By Steve Holland and Jeff Mason
WASHINGTON (Reuters) -President Joe Biden met with the leaders of Finland and Sweden at the White House on Thursday to offer robust U.S. support for their applications to join NATO, while Turkey threatened to block the Nordic nations from becoming members of the alliance.
Biden, who has rallied the West to stand up to Russia after its invasion of Ukraine, joined Swedish Prime Minister Magdalena Andersson and Finnish President Sauli Niinistö in a sunny White House Rose Garden bedecked with their countries' flags in a show of unity and support.
"Finland and Sweden make NATO stronger," Biden said. "They're strong, strong democracies, and a strong, united NATO is the foundation of America's security."
Biden said his administration was submitting paperwork to the U.S. Congress for speedy approval once NATO members gave the two countries a green light.
"They meet every NATO requirement and then some," the president said. "Having two new NATO members in the high north will enhance the security of our alliance and deepen our security cooperation across the board."
Turkey has expressed strong opposition to the Nordic countries' ascension, pressing Sweden to halt support for Kurdish militants it considers part of a terrorist group and both to lift their bans on some arms sales to Turkey.
All 30 NATO members need to approve any new entrant. Turkish President Tayyip Erdogan said in a video posted on Twitter on Thursday that Turkey had told allies it will reject Sweden and Finland's membership.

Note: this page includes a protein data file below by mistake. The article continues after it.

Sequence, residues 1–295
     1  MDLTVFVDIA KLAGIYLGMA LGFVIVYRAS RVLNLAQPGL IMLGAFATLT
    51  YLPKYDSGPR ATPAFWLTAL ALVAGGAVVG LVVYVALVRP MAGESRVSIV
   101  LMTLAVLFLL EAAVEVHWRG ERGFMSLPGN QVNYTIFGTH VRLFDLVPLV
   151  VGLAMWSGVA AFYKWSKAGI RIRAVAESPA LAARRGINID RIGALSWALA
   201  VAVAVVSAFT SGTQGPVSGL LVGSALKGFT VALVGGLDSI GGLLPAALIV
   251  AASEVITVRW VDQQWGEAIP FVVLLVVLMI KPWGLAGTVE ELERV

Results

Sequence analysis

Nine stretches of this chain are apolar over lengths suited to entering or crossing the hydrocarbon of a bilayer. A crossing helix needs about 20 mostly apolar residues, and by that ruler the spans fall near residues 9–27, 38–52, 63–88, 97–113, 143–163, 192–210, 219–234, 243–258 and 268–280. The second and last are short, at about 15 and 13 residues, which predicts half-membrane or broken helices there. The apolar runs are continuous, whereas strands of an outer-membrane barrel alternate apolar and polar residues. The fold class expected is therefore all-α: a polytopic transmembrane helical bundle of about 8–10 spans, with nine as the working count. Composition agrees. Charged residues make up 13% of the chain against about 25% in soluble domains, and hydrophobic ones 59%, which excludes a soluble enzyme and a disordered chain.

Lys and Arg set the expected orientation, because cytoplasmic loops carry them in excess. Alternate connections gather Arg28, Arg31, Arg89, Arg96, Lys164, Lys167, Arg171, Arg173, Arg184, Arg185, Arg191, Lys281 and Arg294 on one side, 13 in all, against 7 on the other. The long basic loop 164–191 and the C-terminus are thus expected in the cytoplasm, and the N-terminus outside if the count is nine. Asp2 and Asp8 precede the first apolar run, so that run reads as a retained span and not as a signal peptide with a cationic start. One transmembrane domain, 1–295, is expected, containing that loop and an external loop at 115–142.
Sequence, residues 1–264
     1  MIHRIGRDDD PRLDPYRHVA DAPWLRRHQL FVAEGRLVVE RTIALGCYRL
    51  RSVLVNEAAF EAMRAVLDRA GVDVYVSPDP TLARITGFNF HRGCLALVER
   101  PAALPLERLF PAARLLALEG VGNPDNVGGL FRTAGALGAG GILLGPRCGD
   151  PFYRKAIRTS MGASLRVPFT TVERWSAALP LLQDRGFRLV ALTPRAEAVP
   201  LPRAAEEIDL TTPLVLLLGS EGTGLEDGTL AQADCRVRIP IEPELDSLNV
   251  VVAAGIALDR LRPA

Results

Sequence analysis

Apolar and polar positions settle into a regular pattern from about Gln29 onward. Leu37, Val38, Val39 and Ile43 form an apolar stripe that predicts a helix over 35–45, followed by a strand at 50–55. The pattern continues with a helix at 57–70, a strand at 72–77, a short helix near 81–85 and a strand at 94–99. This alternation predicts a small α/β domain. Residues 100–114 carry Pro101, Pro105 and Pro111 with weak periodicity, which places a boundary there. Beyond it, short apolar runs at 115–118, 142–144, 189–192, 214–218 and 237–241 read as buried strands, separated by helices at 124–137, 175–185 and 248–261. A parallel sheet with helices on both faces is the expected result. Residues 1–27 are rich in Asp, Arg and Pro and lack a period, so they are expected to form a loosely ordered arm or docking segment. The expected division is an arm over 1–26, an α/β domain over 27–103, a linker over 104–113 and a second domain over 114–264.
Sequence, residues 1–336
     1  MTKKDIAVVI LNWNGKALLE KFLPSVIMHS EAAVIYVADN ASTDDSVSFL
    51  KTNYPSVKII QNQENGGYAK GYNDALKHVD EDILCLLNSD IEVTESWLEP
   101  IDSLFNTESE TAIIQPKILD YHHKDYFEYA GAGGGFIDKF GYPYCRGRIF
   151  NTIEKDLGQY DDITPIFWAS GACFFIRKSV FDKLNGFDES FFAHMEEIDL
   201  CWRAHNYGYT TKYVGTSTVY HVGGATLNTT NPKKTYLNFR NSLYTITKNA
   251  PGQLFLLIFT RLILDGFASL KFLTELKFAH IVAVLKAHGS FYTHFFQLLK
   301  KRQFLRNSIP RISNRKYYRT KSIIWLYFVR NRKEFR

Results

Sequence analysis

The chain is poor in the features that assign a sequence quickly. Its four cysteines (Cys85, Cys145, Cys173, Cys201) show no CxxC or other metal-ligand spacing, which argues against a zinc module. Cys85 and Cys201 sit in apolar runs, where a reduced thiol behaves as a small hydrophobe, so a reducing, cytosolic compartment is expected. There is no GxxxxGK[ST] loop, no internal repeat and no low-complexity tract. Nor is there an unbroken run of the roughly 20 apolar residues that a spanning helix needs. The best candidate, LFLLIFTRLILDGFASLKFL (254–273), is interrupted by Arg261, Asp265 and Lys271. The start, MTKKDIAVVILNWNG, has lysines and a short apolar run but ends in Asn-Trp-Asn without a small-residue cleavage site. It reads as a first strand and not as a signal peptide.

U.S. National Security Advisor Jake Sullivan, speaking to reporters on Air Force One en route to Asia, said the leaders of Sweden and Finland indicated they were planning to speak directly to Erdogan and that Washington was prepared to support that process.
"We believe that the Turkish concerns about the accession of Sweden and Finland that have been expressed by President Erdogan and others can be addressed and can be resolved," Sullivan said.
Asked if there were any plans for Biden to engage directly with Erdogan on the issue, Sullivan said: "Not at the moment."
The Finnish president said at the White House that his country was open to discussing all Turkey's concerns, and pledged to "commit to Turkey's security just as Turkey will commit to our security" as a NATO ally.
"We take terrorism seriously," Niinistö said.
Sweden and Finland have for decades stood outside the Cold War era military alliance designed to deter threats from the Soviet Union, but Russia's invasion of Ukraine has heightened security concerns.
The situation in Ukraine "reminds us of the darkest days of European history," Andersson said. "During dark times it is great to be among close friends."
Conversations between Sweden, Finland and Turkey have taken place to address Ankara's concerns, with the United States involved in the effort. U.S. national security adviser Jake Sullivan told reporters on Wednesday that U.S. officials were confident Turkey's concerns can be addressed, and Biden told reporters "I think we're going to be okay" on the issue.
Biden's unabashed support put a firm, deliberate U.S. stamp of approval on Finland and Sweden's applications. He squeezed in the meeting just before departing to Asia and gave both leaders speaking time in the Rose Garden, underscoring that support.
Biden's remarks also sent a signal to Russian President Vladimir Putin. On Monday Putin said there was no threat to Russia if Sweden and Finland joined NATO but cautioned that Moscow would respond if the alliance bolstered military infrastructure in the new Nordic members.
Biden said on Thursday that new members joining NATO is not a threat to any nation. "It never has been," he said.
(Reporting by Steve Holland and Jeff Mason; additional reporting by Humeyra Pamuk; Editing by Heather Timmons, Nick Zieminski and Daniel Wallis)